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Sermons > Passion Sunday

6 Apr 2014

“When Martha heard that Jesus was coming, she went to meet him, but Mary sat at home.”  (John 11:20)                                  In the name …

A few months ago the physicist Brian Greene was interviewed on the radio program On Being. (http://www.onbeing.org/program/brian-greene-reimagining-the-cosmos/6118)  This is a program that delves into all sorts of topics, but the perspective of the spiritual is usually hovering close by.  Toward the end of the interview people from the Columbia University audience were invited to ask questions.  One of the questions directed to Brian Greene was from a member of that school’s theology department, and in his answer this extremely intelligent man responded to the theologian by saying that he found God to be uninteresting.  The debate between a scientist and a theologian about whether or not God exists was not a topic he wanted to spend time on.  Instead, he said that even if there is a god, that God doesn’t help him understand his life or his world any better.  God doesn’t answer any of the questions that matter to him.  In other words, God is uninteresting.  And I think that summarizes the imagery of Passion Sunday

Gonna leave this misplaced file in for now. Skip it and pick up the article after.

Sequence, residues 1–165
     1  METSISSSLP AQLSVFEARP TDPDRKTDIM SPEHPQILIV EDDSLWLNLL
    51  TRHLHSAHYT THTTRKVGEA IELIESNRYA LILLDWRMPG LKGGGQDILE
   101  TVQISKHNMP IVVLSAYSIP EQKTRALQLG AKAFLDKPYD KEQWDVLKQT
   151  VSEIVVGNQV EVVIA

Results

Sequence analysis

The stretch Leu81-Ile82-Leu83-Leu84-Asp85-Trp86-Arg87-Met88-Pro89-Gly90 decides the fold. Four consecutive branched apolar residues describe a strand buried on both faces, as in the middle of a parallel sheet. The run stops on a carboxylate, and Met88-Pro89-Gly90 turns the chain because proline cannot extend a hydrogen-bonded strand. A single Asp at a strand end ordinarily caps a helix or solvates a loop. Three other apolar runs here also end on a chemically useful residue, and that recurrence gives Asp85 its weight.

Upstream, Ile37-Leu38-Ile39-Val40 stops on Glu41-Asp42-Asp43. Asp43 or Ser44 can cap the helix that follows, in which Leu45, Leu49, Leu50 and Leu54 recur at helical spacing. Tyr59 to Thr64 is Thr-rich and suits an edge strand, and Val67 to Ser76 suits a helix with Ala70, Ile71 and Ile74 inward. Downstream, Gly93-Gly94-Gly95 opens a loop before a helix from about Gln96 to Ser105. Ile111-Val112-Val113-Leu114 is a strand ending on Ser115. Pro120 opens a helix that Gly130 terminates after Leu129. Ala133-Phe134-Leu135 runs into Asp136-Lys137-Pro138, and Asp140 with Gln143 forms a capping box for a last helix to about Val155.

On Passion Sunday the church directs us to shroud the images of Jesus.  The starkness of our Sanctuary symbolizes the point in Jesus’ life where He was forced to go into hiding.  This was a tactical retreat.  Jesus needed to try one last time to prepare His followers for what He now knew was inevitable.  While He secluded Himself with His disciples, the world was left without Christ.  That’s the message of the shrouds.  And I think an equally pertinent symbol for this absence of Christ is the words of Brian Greene, that God is simply uninteresting, to many people that God is not an answer to any of life’s important questions or quests.  Jesus isn’t so much denied as He is ignored.  And I think that may be the real shroud in our world today.

This talk of the absence of God may sound strange with so many God-films coming to theaters.  How can God be uninteresting if movie companies drop hundreds of millions of dollars to make a film like Noah and millions of people will go to see it?  It’s because Noah is an interesting story.  As a matter of fact it’s so interesting that basically the same story was being told in ancient Babylon some thousand years before Noah was even heard of.  The Babylonians told the exciting story of a man who was ordered by a god to build an ark, and to then fill it with the building blocks of a new creation because his present world was about to be destroyed by a flood.  It even includes information like grounding on a mountaintop and sending out a raven and a dove to find out if the earth had dried out enough to release the animals.  These are exciting stories.  That’s why we’ve told them to each other from around camp fires when civilization was young to blockbuster computer animated movies today.  Russell Crowe may be a cool Noah to watch at the movies, but I don’t see that movie changing a person’s life.  It’s entertainment, but for the big and meaningful questions that can keep us up at night, I think we’re back to Brian Greene’s “uninteresting.”